Banning Books: Censorship, Parental Rights, and the Future of Intellectual Curiosity

Over the past few years, public school boards and state governments across the United States have been restricting specific books from being taught in their classrooms or circulating in school libraries. Books about sexual identity, sexual activity, gender identity, and racial identity have been especially targeted. Reacting to or instigating parental concerns, local and state politicians have advocated close scrutiny of certain books, and in some places book burnings have resulted. Many contend that these assaults on books are politically motivated censorship, fuel a culture war, and drive an unnecessary moral panic.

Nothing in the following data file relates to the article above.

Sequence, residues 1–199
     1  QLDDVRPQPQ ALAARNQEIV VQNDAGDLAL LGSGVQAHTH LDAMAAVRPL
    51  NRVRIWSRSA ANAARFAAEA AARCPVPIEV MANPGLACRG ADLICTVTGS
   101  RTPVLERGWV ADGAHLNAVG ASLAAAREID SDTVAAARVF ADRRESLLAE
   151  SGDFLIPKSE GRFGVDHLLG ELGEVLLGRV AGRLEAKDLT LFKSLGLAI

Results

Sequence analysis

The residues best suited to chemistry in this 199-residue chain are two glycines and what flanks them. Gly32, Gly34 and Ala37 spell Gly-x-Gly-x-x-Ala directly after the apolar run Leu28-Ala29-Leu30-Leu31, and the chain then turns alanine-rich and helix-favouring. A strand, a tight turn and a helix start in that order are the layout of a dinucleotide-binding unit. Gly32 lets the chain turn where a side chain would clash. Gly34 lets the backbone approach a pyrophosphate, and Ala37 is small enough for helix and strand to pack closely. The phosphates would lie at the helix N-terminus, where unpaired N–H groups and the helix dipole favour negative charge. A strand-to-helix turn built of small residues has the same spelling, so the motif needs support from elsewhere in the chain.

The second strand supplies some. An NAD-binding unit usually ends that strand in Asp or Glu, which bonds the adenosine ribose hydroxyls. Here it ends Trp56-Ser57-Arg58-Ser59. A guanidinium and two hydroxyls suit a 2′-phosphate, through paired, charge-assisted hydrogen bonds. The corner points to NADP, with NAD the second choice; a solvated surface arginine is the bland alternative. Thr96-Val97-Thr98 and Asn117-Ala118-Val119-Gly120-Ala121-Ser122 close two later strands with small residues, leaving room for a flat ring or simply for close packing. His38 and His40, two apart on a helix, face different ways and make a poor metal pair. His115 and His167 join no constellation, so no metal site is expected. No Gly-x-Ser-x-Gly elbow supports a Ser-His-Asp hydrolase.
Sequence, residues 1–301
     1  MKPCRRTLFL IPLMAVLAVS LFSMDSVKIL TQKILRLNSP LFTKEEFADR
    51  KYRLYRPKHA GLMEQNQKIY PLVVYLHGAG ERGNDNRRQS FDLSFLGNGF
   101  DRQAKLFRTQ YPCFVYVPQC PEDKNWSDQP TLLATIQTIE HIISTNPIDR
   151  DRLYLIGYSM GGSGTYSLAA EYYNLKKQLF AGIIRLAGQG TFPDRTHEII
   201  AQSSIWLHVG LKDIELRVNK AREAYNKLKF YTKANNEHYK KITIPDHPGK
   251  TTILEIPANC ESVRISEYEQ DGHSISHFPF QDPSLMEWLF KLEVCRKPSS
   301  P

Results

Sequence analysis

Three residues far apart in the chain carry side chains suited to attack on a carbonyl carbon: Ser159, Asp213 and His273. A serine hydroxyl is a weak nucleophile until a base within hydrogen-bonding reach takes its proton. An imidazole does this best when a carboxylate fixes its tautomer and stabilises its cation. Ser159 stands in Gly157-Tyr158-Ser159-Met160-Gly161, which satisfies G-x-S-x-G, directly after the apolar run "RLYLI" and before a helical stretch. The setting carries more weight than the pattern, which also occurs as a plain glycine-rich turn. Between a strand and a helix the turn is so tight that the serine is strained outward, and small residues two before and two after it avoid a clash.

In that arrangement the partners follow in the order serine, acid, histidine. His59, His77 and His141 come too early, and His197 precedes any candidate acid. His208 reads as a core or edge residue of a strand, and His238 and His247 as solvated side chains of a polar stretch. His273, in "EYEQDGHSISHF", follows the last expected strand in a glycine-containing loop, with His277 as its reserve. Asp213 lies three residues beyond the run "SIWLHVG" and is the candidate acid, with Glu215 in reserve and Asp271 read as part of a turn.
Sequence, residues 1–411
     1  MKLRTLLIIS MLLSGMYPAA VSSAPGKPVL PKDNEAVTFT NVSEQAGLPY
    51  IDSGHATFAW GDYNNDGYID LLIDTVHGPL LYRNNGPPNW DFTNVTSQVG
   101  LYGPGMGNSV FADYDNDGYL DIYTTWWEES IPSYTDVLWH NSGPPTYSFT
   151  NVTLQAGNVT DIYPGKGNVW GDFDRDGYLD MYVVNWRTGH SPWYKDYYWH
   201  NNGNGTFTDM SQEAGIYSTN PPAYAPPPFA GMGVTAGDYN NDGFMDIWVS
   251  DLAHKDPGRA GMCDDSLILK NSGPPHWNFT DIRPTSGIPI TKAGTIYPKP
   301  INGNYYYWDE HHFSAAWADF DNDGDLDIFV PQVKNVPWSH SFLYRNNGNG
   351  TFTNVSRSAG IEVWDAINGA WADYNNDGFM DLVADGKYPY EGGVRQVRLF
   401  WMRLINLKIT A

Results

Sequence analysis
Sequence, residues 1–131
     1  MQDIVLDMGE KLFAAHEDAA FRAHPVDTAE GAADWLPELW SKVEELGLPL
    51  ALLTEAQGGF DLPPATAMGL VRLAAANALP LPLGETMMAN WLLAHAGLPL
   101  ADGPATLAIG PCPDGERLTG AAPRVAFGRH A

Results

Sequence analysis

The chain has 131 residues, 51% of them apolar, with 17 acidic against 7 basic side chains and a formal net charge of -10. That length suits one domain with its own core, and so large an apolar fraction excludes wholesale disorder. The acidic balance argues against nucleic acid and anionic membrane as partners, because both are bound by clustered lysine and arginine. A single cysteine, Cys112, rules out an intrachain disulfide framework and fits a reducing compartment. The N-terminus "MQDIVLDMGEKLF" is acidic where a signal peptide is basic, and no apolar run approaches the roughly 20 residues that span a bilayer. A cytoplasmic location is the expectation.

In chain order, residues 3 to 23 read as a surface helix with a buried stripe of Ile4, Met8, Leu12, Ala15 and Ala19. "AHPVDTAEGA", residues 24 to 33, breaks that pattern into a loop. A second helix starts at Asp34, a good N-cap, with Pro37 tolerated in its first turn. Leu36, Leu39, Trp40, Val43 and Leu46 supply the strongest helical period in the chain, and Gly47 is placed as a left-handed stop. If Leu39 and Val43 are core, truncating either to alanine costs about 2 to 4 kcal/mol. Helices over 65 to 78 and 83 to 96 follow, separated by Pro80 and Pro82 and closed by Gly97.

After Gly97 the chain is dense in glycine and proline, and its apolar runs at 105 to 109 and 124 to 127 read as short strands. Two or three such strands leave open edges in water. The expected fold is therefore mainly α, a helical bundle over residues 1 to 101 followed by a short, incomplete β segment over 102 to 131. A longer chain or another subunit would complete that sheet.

Amidst this ongoing debate, might the First Amendment and its guarantee of Free Speech offer some wisdom on how to navigate these issues? Is there a line to be drawn somewhere between censorship and parental rights?

Panelists include Timothy Anderson, Republican member, Virginia House of Delegates; Jonathan Evison, author of Lawn Boy, New York Times Bestseller; Nadine Farid Johnson, managing director, PEN America, Washington, D.C.; and Rosemary Kilkenny, vice president for institutional diversity and equity, Georgetown University.

Recorded October 3, 2022.